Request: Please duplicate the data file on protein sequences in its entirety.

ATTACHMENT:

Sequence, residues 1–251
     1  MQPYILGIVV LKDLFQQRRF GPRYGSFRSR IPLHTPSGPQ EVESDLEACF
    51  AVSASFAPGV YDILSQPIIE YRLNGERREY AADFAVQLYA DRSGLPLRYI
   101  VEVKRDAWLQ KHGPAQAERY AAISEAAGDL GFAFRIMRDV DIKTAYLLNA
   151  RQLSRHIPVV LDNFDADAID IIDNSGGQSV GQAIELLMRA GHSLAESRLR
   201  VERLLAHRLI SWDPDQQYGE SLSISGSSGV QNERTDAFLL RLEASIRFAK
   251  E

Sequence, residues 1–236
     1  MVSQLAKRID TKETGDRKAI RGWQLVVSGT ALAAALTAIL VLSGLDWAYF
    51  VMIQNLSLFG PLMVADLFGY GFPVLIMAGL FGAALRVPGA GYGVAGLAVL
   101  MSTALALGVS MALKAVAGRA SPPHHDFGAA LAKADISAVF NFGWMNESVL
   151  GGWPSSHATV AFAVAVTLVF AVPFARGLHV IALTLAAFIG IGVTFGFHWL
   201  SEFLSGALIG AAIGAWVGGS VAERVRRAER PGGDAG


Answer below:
Sequence, residues 1–251
     1  MQPYILGIVV LKDLFQQRRF GPRYGSFRSR IPLHTPSGPQ EVESDLEACF
    51  AVSASFAPGV YDILSQPIIE YRLNGERREY AADFAVQLYA DRSGLPLRYI
   101  VEVKRDAWLQ KHGPAQAERY AAISEAAGDL GFAFRIMRDV DIKTAYLLNA
   151  RQLSRHIPVV LDNFDADAID IIDNSGGQSV GQAIELLMRA GHSLAESRLR
   201  VERLLAHRLI SWDPDQQYGE SLSISGSSGV QNERTDAFLL RLEASIRFAK
   251  E

Sequence, residues 1–236
     1  MVSQLAKRID TKETGDRKAI RGWQLVVSGT ALAAALTAIL VLSGLDWAYF
    51  VMIQNLSLFG PLMVADLFGY GFPVLIMAGL FGAALRVPGA GYGVAGLAVL
   101  MSTALALGVS MALKAVAGRA SPPHHDFGAA LAKADISAVF NFGWMNESVL
   151  GGWPSSHATV AFAVAVTLVF AVPFARGLHV IALTLAAFIG IGVTFGFHWL
   201  SEFLSGALIG AAIGAWVGGS VAERVRRAER PGGDAG